I think testing a candidate in an interview situation is not a very good way to select a candidate, unless this is how you design and create products in your company (I hope not). And regardless of how well they perform in the interview, there is always some degree of uncertainty for how this performance will translate into their job.
I believe that assessing a candidate's temperament and ability to solve problems is best done by simply talking to the person and working out how well they communicate with people on different levels, ranging from something more technical to high level/general conversation. Because this is the skill they will use when engaging with different users and stakeholders, not in an interview setting where the interviewer is in control of the situation.
What I would be looking for in particular is the candidate's ability to speak their mind and provide reasons for why they agree or disagree with something, because I'd want them to be able to point out things that are going wrong rather than just going with what everyone else thinks. I would also look for their ability to ask questions and show that they are thinking deeper about the information rather than just accepting it without questions, because that's not the best way to approach research and design when you are liking to be making a lot of assumptions that need to be tested.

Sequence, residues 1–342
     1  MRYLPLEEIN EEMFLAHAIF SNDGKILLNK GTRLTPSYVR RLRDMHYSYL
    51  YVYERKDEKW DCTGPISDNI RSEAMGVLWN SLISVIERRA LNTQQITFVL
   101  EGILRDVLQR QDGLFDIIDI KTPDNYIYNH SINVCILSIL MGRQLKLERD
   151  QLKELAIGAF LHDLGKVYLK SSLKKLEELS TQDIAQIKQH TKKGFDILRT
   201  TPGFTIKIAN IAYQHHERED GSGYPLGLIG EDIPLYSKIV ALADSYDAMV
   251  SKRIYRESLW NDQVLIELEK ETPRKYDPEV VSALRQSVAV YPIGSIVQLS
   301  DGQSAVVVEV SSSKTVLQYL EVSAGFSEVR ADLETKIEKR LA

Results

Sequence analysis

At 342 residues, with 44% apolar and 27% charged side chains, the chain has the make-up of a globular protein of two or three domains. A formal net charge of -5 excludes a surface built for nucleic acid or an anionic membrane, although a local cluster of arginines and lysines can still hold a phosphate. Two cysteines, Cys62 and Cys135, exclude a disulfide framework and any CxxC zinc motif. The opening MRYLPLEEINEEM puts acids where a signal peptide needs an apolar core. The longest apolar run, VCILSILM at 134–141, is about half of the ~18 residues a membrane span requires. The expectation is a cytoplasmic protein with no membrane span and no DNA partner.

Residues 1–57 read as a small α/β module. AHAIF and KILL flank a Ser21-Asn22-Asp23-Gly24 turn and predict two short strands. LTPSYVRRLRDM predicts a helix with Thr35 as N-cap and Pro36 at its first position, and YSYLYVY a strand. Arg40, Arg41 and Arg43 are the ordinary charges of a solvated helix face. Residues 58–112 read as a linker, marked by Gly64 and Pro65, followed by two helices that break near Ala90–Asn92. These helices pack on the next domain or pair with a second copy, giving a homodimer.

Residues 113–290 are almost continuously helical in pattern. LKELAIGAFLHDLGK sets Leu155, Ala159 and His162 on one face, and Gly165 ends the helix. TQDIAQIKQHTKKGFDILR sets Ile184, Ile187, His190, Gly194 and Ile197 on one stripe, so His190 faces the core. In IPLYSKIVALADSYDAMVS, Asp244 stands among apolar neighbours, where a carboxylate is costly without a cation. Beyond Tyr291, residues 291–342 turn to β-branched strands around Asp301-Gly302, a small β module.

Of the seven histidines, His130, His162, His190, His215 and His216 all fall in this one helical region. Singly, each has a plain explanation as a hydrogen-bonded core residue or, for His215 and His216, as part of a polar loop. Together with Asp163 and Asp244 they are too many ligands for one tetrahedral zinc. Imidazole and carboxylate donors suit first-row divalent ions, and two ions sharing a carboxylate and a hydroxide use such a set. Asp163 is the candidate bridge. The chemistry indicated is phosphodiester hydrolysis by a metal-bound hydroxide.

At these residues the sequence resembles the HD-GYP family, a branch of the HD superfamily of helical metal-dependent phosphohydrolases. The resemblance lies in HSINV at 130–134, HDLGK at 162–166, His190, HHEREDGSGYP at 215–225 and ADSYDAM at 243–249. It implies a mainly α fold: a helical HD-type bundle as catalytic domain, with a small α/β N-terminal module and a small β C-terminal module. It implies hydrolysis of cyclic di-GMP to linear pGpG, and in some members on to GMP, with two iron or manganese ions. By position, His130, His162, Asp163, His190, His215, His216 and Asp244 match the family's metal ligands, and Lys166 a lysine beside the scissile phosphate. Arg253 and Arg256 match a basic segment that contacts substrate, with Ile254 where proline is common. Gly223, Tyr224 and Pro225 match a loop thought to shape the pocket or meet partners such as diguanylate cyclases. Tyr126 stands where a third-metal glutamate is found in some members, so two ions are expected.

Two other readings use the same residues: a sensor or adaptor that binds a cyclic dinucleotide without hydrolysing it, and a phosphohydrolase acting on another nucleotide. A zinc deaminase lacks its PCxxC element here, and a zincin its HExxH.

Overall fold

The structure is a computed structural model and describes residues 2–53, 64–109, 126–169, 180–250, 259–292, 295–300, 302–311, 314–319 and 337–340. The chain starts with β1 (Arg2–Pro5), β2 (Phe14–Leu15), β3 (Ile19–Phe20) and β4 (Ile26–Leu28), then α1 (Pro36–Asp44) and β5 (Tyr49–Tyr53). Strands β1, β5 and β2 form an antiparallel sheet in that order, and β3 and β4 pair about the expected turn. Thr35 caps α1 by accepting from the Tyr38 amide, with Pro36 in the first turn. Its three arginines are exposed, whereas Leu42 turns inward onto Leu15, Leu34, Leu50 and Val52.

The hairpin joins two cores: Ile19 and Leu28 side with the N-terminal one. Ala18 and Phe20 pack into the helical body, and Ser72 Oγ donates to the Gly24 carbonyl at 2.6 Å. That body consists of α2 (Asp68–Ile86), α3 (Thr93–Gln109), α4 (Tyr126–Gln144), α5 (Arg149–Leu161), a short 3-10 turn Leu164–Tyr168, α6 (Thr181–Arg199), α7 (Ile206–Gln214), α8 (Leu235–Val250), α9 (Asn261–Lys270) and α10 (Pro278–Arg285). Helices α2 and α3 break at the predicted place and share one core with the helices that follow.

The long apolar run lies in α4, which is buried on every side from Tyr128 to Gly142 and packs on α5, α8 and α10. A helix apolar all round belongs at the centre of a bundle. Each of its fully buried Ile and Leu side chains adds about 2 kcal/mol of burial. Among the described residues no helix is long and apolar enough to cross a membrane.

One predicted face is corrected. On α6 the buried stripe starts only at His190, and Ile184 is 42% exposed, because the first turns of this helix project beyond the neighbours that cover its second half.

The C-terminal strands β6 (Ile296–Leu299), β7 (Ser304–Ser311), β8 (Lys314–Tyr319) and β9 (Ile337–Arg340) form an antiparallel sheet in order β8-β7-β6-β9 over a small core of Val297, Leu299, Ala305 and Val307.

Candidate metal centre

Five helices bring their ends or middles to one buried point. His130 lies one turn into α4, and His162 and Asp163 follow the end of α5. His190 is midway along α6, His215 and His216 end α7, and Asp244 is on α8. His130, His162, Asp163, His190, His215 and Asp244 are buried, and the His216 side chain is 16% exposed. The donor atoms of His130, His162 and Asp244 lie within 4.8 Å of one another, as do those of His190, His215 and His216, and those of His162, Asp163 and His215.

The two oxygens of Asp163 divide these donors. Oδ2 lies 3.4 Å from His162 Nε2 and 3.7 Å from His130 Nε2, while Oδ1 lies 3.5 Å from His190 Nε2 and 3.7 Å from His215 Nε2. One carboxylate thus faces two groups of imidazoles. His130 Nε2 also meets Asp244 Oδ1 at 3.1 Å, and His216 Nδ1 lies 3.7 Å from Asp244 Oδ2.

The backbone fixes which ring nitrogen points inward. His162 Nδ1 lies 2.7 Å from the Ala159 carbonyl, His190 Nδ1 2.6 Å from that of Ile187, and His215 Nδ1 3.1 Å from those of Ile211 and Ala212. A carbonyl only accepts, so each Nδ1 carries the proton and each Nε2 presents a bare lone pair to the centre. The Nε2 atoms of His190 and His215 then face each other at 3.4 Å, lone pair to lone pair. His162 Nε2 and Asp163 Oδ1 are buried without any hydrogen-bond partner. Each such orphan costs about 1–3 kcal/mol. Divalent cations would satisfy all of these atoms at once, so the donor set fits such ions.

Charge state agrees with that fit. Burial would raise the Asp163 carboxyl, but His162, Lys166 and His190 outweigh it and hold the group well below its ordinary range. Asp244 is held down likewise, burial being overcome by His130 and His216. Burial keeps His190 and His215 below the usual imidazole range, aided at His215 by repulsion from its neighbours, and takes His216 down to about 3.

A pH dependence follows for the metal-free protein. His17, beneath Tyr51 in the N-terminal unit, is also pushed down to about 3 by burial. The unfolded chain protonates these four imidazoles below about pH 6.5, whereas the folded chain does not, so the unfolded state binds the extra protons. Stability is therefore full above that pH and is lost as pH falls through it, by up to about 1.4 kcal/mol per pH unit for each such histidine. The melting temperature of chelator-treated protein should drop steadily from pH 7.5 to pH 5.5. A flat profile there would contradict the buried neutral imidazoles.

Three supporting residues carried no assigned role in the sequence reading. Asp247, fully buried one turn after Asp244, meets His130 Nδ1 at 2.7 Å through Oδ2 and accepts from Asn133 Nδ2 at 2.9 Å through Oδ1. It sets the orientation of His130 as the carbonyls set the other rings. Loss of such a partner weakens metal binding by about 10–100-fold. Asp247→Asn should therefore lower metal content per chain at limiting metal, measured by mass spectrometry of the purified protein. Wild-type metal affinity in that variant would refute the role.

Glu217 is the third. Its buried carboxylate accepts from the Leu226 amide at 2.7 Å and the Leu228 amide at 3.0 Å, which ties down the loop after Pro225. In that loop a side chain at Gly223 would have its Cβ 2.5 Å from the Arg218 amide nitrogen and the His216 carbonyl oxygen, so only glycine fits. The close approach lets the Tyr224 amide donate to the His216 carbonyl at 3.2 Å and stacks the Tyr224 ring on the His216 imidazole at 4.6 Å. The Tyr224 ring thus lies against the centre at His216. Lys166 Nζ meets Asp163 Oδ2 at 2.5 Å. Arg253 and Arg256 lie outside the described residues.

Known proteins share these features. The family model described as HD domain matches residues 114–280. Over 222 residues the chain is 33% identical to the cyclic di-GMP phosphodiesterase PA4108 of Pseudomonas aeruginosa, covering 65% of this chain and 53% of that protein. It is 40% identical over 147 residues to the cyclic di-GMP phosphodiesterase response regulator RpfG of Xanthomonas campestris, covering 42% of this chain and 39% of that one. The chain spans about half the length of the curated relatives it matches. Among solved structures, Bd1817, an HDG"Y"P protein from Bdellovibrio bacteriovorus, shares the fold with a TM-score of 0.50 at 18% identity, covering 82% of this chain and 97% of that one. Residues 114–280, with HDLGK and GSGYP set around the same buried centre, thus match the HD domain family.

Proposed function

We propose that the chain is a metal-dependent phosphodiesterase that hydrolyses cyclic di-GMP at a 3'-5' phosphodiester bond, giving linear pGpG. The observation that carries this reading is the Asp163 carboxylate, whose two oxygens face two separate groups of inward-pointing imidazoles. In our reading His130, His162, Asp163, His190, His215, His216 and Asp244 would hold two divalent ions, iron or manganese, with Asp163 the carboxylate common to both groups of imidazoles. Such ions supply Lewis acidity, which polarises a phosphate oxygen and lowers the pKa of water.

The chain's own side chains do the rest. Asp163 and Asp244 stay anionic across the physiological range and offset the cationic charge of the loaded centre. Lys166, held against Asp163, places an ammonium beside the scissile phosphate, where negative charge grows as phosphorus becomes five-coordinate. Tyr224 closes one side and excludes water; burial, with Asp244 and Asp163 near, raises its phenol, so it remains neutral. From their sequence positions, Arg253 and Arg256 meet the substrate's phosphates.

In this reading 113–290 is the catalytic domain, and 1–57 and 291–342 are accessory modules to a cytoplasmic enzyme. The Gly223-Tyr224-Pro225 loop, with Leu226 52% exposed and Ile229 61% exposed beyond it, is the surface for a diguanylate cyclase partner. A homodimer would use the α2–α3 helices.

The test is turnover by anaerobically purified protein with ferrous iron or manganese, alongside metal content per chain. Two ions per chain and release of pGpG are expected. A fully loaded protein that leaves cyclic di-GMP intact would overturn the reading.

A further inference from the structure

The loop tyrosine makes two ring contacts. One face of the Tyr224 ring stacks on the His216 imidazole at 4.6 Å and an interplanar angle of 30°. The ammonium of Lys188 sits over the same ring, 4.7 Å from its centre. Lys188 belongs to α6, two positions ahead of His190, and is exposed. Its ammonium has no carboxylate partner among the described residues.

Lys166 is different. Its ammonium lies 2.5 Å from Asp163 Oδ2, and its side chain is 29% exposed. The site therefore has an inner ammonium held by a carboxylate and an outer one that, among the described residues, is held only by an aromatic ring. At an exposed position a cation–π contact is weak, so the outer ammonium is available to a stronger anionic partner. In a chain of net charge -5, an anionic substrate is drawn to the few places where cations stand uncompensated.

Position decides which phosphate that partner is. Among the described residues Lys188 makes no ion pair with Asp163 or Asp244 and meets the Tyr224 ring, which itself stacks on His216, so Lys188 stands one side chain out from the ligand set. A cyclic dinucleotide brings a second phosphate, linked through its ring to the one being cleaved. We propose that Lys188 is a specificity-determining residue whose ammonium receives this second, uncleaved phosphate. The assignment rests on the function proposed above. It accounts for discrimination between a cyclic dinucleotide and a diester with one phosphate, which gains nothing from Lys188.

And if a couple of the candidates turn out to have similar abilities, then it is better at that stage to assess their individual fit to the company culture, but not before you have figured out that they have the ability to get the job done. HR departments have issues letting people go once they have been hired because it indicates that they didn't pick the right candidate and they can't ask the previous ones back (even if they were still available).